Now, like I said, I’m not a marketer. My passion and talents lies in the art itself. I’m sure I did everything bass-ackwards in terms of setting up and ‘marketing’ this campaign. However, what shocked me the most was that people who I thought were close friends (and family), who supported and believed in what I was doing, were unwilling to even make a nominal contribution of $10. I’m not saying this to point the finger or to set myself up as better than anyone else. I share this experience with you because it taught me a sad truth: People undervalue what really matters and overvalue what doesn’t. I blame it on a broken paradigm handed down to us from society. I very well may have made the same mistake in the past. But I’d like to think that if I had a friend who was pursuing some cause even half as worthy as helping tell the story of an injustice being done by a government to a poverty-stricken people, I would definitely chip in something.

The purpose of this blog is not to dwell on failures or tell sad stories. But to me it wasn’t a failure. It was a valuable lesson.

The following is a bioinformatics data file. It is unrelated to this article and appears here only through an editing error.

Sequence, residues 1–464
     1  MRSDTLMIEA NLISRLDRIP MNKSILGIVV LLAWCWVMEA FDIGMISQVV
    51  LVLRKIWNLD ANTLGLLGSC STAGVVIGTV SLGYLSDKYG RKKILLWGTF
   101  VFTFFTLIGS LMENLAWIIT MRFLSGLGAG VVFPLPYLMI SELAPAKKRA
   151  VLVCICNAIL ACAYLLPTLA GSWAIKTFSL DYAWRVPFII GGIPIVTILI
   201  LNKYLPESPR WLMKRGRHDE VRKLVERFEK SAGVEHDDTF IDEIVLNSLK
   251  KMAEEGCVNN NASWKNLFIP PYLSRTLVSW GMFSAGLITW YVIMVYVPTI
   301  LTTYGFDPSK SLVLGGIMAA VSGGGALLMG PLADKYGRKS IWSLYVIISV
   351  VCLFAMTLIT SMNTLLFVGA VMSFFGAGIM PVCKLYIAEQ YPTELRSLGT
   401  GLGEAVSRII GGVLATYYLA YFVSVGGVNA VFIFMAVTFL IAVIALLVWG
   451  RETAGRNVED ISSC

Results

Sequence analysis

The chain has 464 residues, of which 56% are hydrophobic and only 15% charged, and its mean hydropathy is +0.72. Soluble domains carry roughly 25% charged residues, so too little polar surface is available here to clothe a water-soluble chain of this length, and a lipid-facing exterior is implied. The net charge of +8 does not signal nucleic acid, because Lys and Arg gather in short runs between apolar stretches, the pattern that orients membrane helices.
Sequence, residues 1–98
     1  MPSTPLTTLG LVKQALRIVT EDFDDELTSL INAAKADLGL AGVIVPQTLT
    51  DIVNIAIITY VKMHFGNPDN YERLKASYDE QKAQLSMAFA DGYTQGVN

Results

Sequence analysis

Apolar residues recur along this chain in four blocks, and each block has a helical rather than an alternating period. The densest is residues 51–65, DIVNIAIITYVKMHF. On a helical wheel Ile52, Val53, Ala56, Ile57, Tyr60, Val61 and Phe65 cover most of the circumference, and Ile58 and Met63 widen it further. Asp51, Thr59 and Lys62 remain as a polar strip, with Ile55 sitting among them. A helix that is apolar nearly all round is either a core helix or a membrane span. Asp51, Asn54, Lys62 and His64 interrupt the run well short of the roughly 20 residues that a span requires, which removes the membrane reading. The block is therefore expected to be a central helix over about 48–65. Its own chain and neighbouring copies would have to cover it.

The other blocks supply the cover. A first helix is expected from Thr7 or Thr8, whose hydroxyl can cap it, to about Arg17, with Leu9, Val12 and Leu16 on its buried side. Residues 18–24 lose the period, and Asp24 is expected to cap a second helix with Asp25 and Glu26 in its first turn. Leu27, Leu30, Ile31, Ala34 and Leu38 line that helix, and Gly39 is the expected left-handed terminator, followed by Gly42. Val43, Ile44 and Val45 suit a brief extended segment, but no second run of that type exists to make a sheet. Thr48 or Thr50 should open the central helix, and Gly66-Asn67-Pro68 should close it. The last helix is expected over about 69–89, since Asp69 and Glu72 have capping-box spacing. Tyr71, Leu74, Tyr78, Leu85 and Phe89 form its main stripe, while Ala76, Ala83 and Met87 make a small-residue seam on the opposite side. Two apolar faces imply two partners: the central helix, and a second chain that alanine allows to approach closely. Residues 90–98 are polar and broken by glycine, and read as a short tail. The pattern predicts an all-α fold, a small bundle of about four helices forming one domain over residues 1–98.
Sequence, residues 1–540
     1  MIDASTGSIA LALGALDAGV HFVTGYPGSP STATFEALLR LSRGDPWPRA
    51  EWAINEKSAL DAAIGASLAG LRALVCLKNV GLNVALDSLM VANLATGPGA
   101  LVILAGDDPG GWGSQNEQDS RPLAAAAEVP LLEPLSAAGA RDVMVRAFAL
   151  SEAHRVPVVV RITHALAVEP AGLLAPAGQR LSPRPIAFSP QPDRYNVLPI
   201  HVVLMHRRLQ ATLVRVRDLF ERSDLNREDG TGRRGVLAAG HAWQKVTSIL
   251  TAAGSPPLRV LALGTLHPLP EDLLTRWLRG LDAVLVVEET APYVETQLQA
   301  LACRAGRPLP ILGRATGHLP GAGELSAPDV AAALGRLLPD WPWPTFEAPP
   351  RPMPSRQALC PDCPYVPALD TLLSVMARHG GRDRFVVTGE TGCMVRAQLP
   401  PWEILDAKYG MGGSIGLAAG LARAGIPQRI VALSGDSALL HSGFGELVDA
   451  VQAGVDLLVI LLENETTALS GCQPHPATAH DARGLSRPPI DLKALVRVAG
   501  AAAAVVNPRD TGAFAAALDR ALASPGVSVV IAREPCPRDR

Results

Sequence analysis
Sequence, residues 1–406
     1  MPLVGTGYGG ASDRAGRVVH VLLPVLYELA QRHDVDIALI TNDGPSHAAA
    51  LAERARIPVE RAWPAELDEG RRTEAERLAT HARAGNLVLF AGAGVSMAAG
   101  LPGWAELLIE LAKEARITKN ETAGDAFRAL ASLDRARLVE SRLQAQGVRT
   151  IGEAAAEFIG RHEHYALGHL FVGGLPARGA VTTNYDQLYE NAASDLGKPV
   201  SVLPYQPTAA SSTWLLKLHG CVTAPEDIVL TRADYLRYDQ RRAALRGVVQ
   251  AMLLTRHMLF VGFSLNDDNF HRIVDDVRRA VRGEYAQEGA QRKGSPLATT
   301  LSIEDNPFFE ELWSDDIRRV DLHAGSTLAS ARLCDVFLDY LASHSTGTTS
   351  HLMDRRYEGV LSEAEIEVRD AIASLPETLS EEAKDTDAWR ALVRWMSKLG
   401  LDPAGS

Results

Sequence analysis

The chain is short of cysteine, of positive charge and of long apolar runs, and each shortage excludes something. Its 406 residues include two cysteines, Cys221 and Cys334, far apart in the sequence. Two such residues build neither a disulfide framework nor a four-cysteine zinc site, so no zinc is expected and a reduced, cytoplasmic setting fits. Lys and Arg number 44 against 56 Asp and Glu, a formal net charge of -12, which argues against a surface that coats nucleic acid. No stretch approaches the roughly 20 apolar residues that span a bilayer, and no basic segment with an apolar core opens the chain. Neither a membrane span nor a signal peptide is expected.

Yin and Yang

Back to the balancing act we artists must make between the creation of our art and the sharing of it. I like the Oriental philosophy of Yin and Yang, because it creates a very simple and actionable paradigm in my head. Yin is the dark, the concealed, the hidden, the regenerative. Yang is the light, the manifest, the open, the revealed. I must spend an equal amount of time in both modes. Aye, therein lies the rub.

Though challenging, this combination of art and communication allows us to connect with people on a much deeper level. If I was just a communicator and not an artist, sure I could just go out and connect, but the people I connected with wouldn’t really know me. They wouldn’t know me in the same way as if they had experienced one of my works. Since I’ve read several books by Orson Scott Card, I feel I know him better than if I hadn’t read his work. When I connect with Steven Pressfield on his blog, it makes a big difference that I’ve read his books. And of course, if I didn’t have a message to share, what the f$&% am I doing communicating anyways? Communication without any real message is, well…Facebook.